In-person FINRA arbitrations have now been on hold for almost eight months. FINRA has already announced that the postponements will continue through January 31, 2021, and further postponements appear likely.
In early September, we published an analysis of the early virtual hearing results. Our key findings at that time were:
- Almost 2/3rds of cases in which a virtual hearing had begun resulted in a settlement;
- Just 7 cases had reached an award following a virtual hearing, with only 3 of those cases involving fully virtual hearings.
- The fully virtual hearings were all completed in 3 days or less; and
- All 7 virtual hearings resulted in compensatory damages being awarded to the claimant, with 3 of the decisions also awarding attorneys’ fees, sanctions, and/or punitive damages.
After a lull, a wave of virtual awards has been issued in recent weeks. While just 2 awards were issued between August 18 and October 8, the past six weeks (October 9 – November 20) have seen the release of 15 virtual awards (10 customer and 5 industry). In October alone, the total count of virtual hearing awards more than doubled from 10 to 21.
In many respects, the 15 virtual awards issued in the past few weeks have varied significantly from the early virtual awards. The starkest difference lies in the results. While all 7 of the early decisions awarded damages to the claimant, 13 of the 15 recent awards have resulted in a complete denial of the claimants’ claims (9 of the 10 customer claims and 4 of the 5 industry claims).1
In addition, the 15 recent cases have included some longer hearings, suggesting more witnesses and more documents than previously seen in virtual hearings. Of the 15 recent awards, 7 involved eight or more days of virtual hearings, including 3 hearings that spanned fourteen or more virtual days (with the longest reaching sixteen virtual hearing days).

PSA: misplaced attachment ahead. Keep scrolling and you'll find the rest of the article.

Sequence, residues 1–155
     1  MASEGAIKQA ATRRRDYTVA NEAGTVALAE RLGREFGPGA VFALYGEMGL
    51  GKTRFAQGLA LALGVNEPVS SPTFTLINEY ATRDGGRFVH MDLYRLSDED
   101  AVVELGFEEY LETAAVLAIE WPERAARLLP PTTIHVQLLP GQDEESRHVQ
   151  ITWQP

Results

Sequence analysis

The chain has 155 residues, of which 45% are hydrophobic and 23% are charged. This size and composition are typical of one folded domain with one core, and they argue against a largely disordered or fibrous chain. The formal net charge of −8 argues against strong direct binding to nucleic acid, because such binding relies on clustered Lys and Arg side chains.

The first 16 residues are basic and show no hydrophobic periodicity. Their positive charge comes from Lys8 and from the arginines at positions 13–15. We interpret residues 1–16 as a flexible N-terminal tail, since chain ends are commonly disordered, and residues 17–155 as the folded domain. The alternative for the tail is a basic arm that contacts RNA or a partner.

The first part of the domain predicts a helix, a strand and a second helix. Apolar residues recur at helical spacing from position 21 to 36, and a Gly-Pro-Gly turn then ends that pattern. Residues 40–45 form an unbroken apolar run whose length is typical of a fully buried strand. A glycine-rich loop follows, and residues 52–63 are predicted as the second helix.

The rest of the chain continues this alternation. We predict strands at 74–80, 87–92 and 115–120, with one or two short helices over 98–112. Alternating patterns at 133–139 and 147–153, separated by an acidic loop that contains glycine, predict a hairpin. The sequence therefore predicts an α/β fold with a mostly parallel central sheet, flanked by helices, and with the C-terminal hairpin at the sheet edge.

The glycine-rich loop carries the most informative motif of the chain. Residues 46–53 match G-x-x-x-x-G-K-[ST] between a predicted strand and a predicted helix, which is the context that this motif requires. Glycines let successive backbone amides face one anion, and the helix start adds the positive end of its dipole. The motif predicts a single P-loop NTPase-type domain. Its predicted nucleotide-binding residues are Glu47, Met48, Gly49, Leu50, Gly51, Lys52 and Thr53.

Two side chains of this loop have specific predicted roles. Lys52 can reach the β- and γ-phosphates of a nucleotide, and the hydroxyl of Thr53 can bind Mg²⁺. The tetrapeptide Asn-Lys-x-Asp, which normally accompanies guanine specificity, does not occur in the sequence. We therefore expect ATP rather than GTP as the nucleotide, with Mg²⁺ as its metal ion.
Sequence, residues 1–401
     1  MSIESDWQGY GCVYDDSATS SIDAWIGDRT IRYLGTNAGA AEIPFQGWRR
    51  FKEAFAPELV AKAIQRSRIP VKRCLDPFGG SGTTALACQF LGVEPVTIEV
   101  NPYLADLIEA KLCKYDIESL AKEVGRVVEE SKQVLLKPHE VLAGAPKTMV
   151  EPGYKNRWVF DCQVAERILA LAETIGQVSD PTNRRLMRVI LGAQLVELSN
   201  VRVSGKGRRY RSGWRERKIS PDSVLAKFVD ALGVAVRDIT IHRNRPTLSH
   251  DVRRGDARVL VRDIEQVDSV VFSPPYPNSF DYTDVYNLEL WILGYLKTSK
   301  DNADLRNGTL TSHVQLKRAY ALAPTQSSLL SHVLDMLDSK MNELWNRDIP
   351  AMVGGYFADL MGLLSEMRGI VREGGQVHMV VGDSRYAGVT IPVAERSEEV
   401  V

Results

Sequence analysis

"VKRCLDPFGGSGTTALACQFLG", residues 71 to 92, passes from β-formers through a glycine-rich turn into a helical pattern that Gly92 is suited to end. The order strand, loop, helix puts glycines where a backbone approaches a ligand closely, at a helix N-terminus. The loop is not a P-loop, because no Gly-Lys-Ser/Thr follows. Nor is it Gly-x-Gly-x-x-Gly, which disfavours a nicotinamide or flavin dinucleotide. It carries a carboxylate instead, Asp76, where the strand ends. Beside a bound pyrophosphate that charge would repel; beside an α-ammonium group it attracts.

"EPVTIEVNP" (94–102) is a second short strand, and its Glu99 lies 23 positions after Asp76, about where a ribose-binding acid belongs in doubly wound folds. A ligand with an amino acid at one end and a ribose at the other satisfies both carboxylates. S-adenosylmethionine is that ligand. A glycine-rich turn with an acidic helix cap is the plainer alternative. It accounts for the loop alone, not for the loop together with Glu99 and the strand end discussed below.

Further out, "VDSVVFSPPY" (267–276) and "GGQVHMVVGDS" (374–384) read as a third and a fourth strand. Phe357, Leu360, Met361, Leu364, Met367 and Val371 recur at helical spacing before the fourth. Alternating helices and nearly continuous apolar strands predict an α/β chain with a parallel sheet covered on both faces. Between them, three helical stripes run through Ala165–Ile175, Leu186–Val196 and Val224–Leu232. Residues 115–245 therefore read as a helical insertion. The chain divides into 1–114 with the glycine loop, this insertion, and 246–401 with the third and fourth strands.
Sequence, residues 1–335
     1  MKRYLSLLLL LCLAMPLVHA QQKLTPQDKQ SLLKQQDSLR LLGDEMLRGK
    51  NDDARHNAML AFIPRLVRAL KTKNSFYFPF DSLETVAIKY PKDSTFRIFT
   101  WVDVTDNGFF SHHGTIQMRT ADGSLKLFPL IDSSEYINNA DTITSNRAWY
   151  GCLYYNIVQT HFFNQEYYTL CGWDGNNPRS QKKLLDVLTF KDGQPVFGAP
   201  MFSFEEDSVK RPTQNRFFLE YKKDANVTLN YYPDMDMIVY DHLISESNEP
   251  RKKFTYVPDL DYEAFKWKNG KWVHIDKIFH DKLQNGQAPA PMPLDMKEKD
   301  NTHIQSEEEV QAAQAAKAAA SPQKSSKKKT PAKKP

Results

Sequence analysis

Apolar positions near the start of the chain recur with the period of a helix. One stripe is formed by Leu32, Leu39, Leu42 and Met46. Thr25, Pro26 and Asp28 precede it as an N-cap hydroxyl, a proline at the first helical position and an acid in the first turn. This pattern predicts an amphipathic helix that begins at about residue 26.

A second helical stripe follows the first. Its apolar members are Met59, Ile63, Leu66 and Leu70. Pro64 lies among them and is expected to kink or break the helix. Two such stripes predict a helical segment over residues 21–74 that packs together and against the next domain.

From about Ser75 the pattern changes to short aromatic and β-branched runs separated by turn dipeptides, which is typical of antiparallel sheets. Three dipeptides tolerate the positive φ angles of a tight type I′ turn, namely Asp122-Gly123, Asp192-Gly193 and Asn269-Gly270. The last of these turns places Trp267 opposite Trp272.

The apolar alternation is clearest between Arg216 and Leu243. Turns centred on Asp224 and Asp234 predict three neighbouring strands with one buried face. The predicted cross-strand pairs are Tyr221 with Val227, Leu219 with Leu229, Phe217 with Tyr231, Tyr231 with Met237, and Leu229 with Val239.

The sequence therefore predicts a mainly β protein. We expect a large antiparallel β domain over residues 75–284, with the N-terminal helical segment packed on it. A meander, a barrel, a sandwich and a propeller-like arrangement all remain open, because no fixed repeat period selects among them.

The recent cases are not entirely different from the early cases, however. In particular, a significant percentage of cases still appear to settle after the final hearing has begun. As of the end of September, 60 cases had conducted at least one final hearing session via Zoom. See https://www.finra.org/arbitration-mediation/dispute-resolution-statistics#virtual. Today, more than seven weeks later, awards have been issued in less than half of those cases. While some awards could still be outstanding among the group of 60,2 it appears that around 50% of cases are settling after the virtual hearing has begun. As noted previously, experience suggests that the typical settlement rate for parties who have already invested the time and expense of preparing for and commencing a final hearing is around 5%-10%.
Another persistent trend relates to the age of the cases. Cases that proceed to a virtual hearing tend to be older, with almost half having been postponed prior to the pandemic. The average time from the filing of the Statement of Claim through a final virtual hearing is approximately 27 months – almost a year longer than the average time for a case proceeding to a final hearing in recent years. See https://www.finra.org/arbitration-mediation/dispute-resolution-statistics#arbitrationstats.
Finally, whether to proceed virtually continues to be hotly contested. None of the recent awards reflect that the parties consented to proceed virtually, while 4 state that one party had objected and been ordered to proceed virtually.3 As of the end of October, motions to proceed virtually had been challenged 86% of the time in customer cases (up from 80% as of August 18). See https://www.finra.org/arbitration-mediation/dispute-resolution-statistics#virtual. Arbitrators had also ordered an objecting party to proceed virtually 71% of the time in customer cases (down from 76% as of August 18). Id.
1 The lone customer cases that resulted in damages involved a non-member Respondent that had recommended inverse and leveraged ETFs.
2 Under FINRA Rule 12904, arbitrators should “endeavor” to issue awards within 30 days of the conclusion of the hearing.
3 The remaining 11 recent awards do not specify whether the parties agreed to proceed virtually. Of the first 7 virtual awards, the award reflected whether or not the parties had agreed to proceed virtually in every case (5 agreements and 2 in which one party objected).